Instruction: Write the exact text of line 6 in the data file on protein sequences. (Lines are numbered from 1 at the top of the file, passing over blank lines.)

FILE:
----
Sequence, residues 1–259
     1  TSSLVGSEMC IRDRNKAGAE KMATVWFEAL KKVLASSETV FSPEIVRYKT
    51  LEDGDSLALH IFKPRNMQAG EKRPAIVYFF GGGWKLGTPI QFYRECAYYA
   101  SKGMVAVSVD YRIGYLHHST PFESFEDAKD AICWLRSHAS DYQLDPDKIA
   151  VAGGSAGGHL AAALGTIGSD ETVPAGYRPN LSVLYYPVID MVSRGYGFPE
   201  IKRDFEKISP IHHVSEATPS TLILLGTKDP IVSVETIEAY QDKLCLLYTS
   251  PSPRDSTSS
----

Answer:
   201  IKRDFEKISP IHHVSEATPS TLILLGTKDP IVSVETIEAY QDKLCLLYTS